FDA: Some antibiotics still OK for production purposes
website builder New FDA guidelines that discourage using medically important antibiotics for promoting growth in food animals appear to have been well-received by both producers and most consumer activists.
Change always brings misunderstandings and confusion, however — and the new guidelines are no exception.
One growing misconception is that FDA-approved performance claims such as “increased rate of weight gain” and “improved feed efficiency” will be stricken from the labels of all antimicrobials used in food animals.
But that is not the case, according to Megan Bensette, health communication specialist for FDA. She confirmed to Poultry Health Today that performance claims would be removed only from antibiotics that FDA considered medically important to humans — tetracyclines, for example.
She emphasized that FDA’s actions were focused solely “on medically important antimicrobial drugs — that is, drugs that are also important for treating disease in people.”
Antimicrobials not on the FDA’s list of medically important antibiotics — bacitracin and bambermycins, for instance — would retain their performance claims under the agency’s new guidelines, Bensette confirmed.
This exemption is good news for efficiency-minded poultry producers looking to meet escalating world demand for healthy, safe and affordable chicken and turkey.
Still, the words “growth promotion” and the role these antimicrobials play in poultry production are often misunderstood, conceded Jon Schaeffer, DVM, director of poultry technical services for Zoetis Inc.
“Do these antibiotics actually make birds grow faster and more efficiently?” Schaeffer asked. “Or is improved performance secondary to improved health that enables birds to reach their full genetic potential?”
For a long time, he explained, it was thought that subtherapeutic doses of in-feed antibiotics enhanced growth by modifying intestinal microflora, although exactly how isn’t known for sure and is still up for discussion.
Explanations have included a reduction in subclinical infection, decreased production of microbial products that have toxic effects, depressed microbial competition within the bird for nutrients and enhanced absorption, according to the Poultry Science Association (1).
As far back as 1992, investigators from the University of California-Davis conducted studies indicating that feeding antibiotics may permit growth by preventing immunologic stress and associated metabolic changes (2).
Another theory emerged in 2007 with publication of a paper entitled “The Nonantibiotic Anti-Inflammatory Effect of Antimicrobial Growth Promoters, the Real Mode of Action? A Hypothesis.” The author argued that most antibiotics have a non-antibiotic, anti-inflammatory effect, which may in turn reduce wasted energy and spare it for production.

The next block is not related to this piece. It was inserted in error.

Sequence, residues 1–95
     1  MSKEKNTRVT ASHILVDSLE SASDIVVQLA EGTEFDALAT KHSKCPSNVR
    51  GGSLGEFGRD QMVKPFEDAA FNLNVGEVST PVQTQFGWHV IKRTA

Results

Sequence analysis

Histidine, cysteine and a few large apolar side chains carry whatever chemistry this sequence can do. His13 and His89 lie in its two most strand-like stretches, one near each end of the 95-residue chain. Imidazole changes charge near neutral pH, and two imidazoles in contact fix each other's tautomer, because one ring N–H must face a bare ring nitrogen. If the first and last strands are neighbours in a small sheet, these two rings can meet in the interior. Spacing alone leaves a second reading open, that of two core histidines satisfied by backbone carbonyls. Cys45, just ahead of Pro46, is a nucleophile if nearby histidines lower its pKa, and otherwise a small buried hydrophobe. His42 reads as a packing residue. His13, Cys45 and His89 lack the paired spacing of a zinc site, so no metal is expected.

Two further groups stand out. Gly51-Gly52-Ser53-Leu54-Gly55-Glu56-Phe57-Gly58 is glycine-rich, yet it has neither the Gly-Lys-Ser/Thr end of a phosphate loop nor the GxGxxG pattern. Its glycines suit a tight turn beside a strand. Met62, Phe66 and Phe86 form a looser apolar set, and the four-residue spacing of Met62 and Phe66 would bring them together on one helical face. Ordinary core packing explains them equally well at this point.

“Concomitant or subsequent changes in microflora are most likely the consequence of an altered condition of the intestinal wall,” Professor Theo A. Niewold, PhD, of the Catholic University, Leuven, Belgium, wrote in Poultry Science (3).
This theory would also explain why results with so-called growth-promoting antibiotics are highly reproducible, as opposed to those obtained by antibiotic alternatives that are aimed at microflora management, Niewold wrote.
Charles Hofacre, DVM, MAM, PhD, University of Georgia, sees other benefits to the continued but judicious use of the so-called performance antibiotics.
“By improving feed efficiency, consumers get the same amount of meat without requiring as much corn and soybeans for growth. That means more grain for other uses,” Hofacre said.
Producing more chicken on less feed also results in less manure output, which is better for the environment, he added.
1 Poultry Science Association. Newly proposed mechanism for the action of antimicrobial growth promoters (AGPs) may open the door to the development of new non-antibiotic alternatives to AGPs. Press release, 2007. http://www.poultryscience.org/pr032607.asp
2 Roura E, et al. Prevention of immunologic stress contributes to the growth-permitting ability of dietary antibiotics in chicks. J. Nutr. 1992;122:2383-2390.
3 Niewold TA. The nonantibiotics anti-inflammatory effect of antimicrobial growth promoters, the real mode of action? A hypothesis. Poult. Sci. April 2007 vol. 86 no. 4.
Posted on October 5, 2016